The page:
Tea + Duck, et al.

October 20, 2011

Tea is drunk to forget the din of the world.
~T’ien Yiheng

With due cause…tea is a cultural icon, a ritual, even the stuff of ceremony and likely the most beloved libation on earth for centuries—sating rich and poor alike.

Tea is made from processed and cured leaves and buds harvested from various cultivars of an evergreen bush, Camellia sinensis. The plant usually grows on plantations in tropical and sub-tropical regions at varying elevations. The cultivated plants are pruned to waist height for easy access, and only the 1-2″ tops of the mature plant, known as flushes, are plucked.

The leaves of Camellia sinensis soon begin to wilt and oxidize if not dried promptly after picking. Leaf size and post-harvest processing, particularly fermentation, determines the type of tea. The word “fermentation” in tea speak refers to how much the leaves are allowed to undergo enzymatic oxidation during the drying process. The oxidation may be stopped by heat via pan frying or steaming before the leaves are completely dried.

The more ubiquitous tea types on the market are green, white, oolong and black. Green tea is withered with little oxidation and then heated to impart its unique flavor. A rather scarce commodity, white tea is made from silver fuzzed buds that are barely unfurled. It is unprocessed meaning that very little is done to the harvested leaf. Oolong is plucked and then laid out on withering racks in the sun which causes evaporation. The dried leaves are then tossed so the edges are bruised to allow partial oxidization. The leaves are fired to halt the oxidization process. Black teas are heavily oxidized and fully fermented making them deeply fragrant.

The Chinese character for tea is 茶, but pronounciations vary by region. One is , which derives from the Min Nan dialect while the other is chá, used by the Cantonese and Mandarin dialects.

Tea-smoking has a long culinary history in China. Originally, it was a means of preserving food, but later was strictly used to impart scents and flavors. This dish calls for a more robust black tea, Lapsang Souchong, whose fermented leaves are pressed into bamboo baskets and hung over smoky pine fires to infuse the tea with its notorious flavor. But, feel free to substitute another black, oolong or even green variety.

TEA-SMOKED DUCK BREASTS

2 (3/4 to 1 lb each) duck breasts, whole and boned, with skin on
1 T Sichuan peppercorns
Sea salt

Marinade
2 T Chinese rice wine (preferably Shaoxing)
1 t fresh ginger, peeled and finely grated
1 T nước mắm Phú Quốc (fish sauce)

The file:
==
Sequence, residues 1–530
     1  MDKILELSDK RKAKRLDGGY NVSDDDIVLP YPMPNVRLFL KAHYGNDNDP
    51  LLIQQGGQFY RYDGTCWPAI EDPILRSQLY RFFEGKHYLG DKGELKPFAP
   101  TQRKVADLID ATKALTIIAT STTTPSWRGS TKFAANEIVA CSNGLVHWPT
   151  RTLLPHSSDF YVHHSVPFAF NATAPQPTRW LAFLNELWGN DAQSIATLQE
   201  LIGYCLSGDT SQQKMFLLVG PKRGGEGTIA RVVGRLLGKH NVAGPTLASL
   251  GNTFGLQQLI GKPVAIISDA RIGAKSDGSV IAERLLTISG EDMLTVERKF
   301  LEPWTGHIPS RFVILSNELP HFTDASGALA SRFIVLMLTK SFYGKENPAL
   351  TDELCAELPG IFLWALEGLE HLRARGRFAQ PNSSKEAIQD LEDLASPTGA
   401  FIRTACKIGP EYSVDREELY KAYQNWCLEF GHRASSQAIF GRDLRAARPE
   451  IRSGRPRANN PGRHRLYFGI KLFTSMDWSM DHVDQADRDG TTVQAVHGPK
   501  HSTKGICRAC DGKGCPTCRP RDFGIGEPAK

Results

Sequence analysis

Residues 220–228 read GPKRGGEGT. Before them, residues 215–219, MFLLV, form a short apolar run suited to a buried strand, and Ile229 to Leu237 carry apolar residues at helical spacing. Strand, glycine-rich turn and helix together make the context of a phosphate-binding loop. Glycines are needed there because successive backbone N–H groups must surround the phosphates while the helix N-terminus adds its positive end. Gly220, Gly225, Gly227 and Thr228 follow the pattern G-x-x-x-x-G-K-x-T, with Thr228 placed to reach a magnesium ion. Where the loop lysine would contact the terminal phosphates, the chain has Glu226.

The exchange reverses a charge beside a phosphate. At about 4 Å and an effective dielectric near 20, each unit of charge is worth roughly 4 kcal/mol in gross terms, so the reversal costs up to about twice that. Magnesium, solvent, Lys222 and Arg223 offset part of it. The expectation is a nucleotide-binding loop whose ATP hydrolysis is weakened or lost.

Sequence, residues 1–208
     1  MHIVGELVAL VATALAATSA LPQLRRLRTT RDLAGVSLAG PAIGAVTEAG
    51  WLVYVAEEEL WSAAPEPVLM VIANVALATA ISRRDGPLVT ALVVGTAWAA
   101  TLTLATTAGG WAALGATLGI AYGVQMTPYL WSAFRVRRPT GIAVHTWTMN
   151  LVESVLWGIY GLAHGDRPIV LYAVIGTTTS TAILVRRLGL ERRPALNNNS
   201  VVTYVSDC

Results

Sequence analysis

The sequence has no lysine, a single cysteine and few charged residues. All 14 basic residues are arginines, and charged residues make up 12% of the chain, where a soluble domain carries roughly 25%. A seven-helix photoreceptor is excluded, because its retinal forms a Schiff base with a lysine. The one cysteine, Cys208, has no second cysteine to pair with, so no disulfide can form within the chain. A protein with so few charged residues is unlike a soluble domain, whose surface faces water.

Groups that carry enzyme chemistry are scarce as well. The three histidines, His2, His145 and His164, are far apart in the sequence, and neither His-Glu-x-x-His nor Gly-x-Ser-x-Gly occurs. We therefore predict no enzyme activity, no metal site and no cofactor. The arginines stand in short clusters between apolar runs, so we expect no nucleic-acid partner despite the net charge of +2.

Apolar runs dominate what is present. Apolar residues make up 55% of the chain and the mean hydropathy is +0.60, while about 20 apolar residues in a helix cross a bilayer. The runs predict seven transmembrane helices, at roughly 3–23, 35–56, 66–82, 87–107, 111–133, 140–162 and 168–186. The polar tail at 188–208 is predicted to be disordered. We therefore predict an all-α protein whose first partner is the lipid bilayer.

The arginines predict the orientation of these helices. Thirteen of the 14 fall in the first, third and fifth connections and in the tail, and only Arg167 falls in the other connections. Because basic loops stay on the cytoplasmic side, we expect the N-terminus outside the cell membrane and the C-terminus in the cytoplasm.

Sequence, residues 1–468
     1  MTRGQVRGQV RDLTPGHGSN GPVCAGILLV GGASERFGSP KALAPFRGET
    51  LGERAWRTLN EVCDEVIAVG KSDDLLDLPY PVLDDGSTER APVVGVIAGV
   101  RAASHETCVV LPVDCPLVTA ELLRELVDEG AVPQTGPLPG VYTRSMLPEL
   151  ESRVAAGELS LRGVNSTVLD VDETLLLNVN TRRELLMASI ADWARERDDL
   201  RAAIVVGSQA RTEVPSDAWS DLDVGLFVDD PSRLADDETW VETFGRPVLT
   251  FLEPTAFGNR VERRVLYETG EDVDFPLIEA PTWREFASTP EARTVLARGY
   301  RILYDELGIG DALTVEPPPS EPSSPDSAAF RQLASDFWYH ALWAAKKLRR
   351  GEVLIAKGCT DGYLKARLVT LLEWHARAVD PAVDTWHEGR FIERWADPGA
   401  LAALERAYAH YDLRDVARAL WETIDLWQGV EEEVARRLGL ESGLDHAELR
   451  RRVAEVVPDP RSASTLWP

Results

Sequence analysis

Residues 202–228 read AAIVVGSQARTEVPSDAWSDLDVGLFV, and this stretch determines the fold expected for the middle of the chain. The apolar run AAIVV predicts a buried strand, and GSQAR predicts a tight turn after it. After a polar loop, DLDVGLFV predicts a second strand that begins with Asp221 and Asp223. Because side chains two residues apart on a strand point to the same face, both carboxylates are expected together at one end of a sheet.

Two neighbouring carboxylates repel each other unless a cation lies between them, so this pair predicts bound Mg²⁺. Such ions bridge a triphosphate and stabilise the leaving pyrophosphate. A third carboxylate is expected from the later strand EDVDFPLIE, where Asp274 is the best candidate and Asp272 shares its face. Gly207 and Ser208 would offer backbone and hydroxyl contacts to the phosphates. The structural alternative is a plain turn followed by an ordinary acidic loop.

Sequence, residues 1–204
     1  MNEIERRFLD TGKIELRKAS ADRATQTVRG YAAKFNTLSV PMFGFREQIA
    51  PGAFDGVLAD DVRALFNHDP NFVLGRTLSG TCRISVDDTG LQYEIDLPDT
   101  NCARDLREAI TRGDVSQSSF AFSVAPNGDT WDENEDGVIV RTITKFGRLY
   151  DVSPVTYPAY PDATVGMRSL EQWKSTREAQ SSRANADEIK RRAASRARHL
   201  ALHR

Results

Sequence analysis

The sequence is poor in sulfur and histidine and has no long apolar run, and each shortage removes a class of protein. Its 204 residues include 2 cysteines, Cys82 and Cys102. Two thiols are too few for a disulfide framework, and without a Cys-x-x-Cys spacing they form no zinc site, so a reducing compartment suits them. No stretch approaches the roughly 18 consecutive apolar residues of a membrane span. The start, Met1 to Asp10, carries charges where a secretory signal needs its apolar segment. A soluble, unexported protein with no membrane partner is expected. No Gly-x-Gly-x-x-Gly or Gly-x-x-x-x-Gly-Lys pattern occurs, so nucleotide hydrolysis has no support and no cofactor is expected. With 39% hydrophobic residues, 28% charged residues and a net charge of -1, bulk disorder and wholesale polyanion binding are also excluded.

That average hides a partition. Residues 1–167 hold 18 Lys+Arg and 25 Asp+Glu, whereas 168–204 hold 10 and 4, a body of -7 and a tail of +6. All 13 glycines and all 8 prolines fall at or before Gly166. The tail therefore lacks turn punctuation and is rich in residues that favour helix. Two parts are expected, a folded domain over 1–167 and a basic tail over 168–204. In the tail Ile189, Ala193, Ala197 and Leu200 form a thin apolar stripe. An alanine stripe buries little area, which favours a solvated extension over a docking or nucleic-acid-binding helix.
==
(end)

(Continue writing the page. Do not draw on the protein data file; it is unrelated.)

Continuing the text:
1 T nước măn chay pha sản (chilied soy sauce)
1 t sesame oil
1/2 T honey
2 scallions, trimmed and cut into strips lengthwise

Peanut oil

Smoking Mixture
1/2 C dry Lapsang Souchong tea leaves
1/4 C packed brown sugar
1/4 C packed raw sugar (turbinado)
1/2 C dry rice
1 T Sichuan peppercorns
2 cinnamon sticks, broken into pieces
3 star anise

Toast peppercorns in a dry small heavy skillet over moderately low heat, shaking occasionally, until peppercorns are just fragrant, about 3-5 minutes. Allow to cool some, then coarsely grind in mortar and pestle or grinder.

Gently mix all of the tea smoking ingredients in a small bowl.

Pat the duck dry. Shallowly score the breasts in a diagonal pattern about 1/2″ apart, taking care to cut only into the fat and not into the meat. Season with the roasted, ground peppers and salt, massaging the mixture into the skin. Allow to stand at room temperature for about 1 hour.

Meanwhile, whisk together the rice wine, ginger, fish sauce, soy sauce, sesame oil and honey. Add the scallions to this mixture and stir.

Place the duck either in a ziploc bag or tightly covered glass baking pan and cover with the marinade. Refrigerate for a couple of hours or overnight and then transfer duck to a platter and bring to room temperature before proceeding. Discard marinade.

Heat the oil in a large, heavy skillet or wok over medium high until nearly smoking. Sear the duck breasts on the skin side only until golden brown about 2-3 minutes. Remove from the heat and reserve.

To smoke the duck breasts, line a Dutch oven or wok by lining it with two layers of heavy-duty aluminum foil, leaving an overhang. Wrap the top in foil as well for easy cleaning. Spread the smoking ingredients in the bottom of the Dutch oven or wok and place a steaming rack about one inch above the smoking mixture.

Set the uncovered Dutch oven or wok over high heat and cook until wisps of smoke emit from the smoking mixture. Place the duck breasts, skin side down, on the rack. Tightly cover and smoke duck breasts, about 8 minutes, then remove from heat and let stand, covered, and additional 8 minutes for medium rare. Carefully uncover as smoke and steam will billow out. Remove breasts to a cutting board, loosely tent with foil, and let stand for 10 minutes. Carve breasts across the grain in thin diagonal slices and serve.

Pourboire: with minor variations, this same technique of (1) marinading, (2) searing or steaming and (3) smoking can be used for a whole host of fin and feather, even swine.

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